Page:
Friday, May 06, 2005

US Orphan Works Up for European Adoption

Buzzed around the blogs for the last days is the issue of "orphan works": (presumably) copyrighted works whose rightsholders are difficult or impossible to find. This keeps them from being reused in other works or made available to the public. The US Copyright Office launched an inquiry into the issue for possible legislative changes, received 700+ comments and reply-comments are due next Monday.

Stanford's Center for Internet & Society is whipping up some extra steam before this deadline ends and mailed out requests to highlight some of the comments. Apparently because I "care about copyright and the Internet" I'm asked to reproduce comment #100 [PDF] about someone who runs two websites with information about and software for classic computers from the '70s and '80s, notably Atari. I refer to the link and point out another comment instead [no. 36-PDF], which is a little more European flavoured. The transatlantic discrepancy between copyright protection of sound recordings brings some interesting consequences for the (commercial) "adoption" of US orphans in Europe:
In the European Economic Community, the duration of copyright of recordings is 50 years. As a US company I can legally issue in Europe, a recording, commercial, or broadcast, that is public domain in Europe but still covered by copyrights in the US. I can press in Europe, warehouse in Europe and sell in Europe a recording covered by US copyright. Further, a US customer can purchase, via the internet, a copy of that recording and have it shipped to them in the US, thus bypassing the US copyrights. European vendors do not monitor the copyright restrictions of the countries to which they ship product. US customs does not check. In short, the extra 25 years of the US copyrights forces US companies to take the pressing and sale of such products to Europe depriving US pressing companies from possible revenue and forcing US customers to pay extra for both the cost of pressing in Europe and the added transportation costs.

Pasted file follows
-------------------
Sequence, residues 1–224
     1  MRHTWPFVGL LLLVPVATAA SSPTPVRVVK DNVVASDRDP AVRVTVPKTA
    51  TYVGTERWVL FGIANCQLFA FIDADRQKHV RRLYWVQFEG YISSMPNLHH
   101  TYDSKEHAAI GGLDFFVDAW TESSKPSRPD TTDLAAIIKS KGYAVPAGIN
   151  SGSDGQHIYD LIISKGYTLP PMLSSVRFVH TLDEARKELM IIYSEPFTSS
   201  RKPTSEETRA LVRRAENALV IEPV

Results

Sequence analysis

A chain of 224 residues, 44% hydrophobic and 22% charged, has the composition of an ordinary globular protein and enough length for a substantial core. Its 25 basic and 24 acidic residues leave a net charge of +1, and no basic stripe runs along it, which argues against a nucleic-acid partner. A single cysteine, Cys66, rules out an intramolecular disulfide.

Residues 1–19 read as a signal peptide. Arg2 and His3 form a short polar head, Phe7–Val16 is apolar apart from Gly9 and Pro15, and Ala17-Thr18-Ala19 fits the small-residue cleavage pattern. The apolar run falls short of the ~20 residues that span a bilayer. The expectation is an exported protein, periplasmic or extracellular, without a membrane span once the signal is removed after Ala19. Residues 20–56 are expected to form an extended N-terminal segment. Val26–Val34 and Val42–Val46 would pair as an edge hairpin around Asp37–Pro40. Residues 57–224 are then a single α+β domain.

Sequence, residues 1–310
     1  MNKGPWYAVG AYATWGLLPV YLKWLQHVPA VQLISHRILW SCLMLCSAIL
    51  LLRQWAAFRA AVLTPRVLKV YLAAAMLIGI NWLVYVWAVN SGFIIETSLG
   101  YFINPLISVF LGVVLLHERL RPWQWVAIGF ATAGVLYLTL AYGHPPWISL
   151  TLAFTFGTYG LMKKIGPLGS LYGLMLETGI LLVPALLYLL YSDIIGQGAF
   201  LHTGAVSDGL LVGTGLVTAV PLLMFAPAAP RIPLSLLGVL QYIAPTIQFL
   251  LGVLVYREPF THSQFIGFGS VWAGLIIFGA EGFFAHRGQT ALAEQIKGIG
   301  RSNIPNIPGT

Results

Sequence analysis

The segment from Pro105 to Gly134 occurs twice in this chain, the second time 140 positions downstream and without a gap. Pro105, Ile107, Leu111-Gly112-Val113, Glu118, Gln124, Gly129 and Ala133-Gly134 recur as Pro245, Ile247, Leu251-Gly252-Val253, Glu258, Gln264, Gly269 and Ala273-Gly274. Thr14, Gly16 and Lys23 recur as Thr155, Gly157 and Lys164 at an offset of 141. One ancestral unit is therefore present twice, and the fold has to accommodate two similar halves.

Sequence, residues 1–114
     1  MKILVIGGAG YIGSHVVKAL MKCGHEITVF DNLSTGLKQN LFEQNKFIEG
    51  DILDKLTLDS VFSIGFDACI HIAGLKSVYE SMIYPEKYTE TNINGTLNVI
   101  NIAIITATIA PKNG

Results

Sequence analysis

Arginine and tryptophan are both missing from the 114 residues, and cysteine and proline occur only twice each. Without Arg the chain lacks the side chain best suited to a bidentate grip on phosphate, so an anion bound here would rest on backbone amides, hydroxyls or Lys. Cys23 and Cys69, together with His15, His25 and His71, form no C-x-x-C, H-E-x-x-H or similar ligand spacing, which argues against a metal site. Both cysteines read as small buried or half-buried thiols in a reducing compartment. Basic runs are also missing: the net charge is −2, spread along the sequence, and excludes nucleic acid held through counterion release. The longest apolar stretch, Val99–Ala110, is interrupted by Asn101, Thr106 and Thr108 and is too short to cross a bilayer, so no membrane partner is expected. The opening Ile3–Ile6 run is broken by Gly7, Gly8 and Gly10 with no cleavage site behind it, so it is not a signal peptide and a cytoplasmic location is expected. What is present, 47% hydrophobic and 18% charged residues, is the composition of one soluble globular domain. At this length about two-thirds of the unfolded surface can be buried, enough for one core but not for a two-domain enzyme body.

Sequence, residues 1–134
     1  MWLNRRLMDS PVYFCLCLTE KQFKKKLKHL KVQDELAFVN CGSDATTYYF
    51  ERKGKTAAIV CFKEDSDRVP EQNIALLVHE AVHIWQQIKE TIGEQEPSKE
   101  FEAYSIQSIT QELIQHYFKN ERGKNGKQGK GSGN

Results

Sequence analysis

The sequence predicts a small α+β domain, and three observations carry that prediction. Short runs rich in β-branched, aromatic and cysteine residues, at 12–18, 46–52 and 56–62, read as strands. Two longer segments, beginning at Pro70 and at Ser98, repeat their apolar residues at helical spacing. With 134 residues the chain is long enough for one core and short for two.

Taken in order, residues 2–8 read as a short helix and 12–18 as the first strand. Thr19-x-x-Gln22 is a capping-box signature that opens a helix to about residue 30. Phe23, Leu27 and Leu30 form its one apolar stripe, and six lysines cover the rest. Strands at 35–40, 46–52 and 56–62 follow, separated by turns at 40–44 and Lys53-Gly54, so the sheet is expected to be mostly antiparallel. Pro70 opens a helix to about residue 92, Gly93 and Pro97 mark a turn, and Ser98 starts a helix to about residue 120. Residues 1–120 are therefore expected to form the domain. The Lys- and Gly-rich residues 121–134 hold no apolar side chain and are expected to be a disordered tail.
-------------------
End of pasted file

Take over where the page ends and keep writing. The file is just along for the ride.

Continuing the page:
1 Comments:

Anonymous Branko Collin said...

You quote someone saying: "In the European Economic Community, the duration of copyright of recordings is 50 years. As a US company I can legally issue in Europe, a recording, commercial, or broadcast, that is public domain in Europe but still covered by copyrights in the US."

This suggests that the author believes that works that are no longer burdened by recording rights in the E.U. are in the public domain in the E.U. This is not necessarily true: the authors of the works (as opposed to the recording artists) may still hold a copyright.

I tried and started writing abstracts for the current comments, but things are going woefully slow, especially since I have to work this weekend.

8/5/05 00:11  

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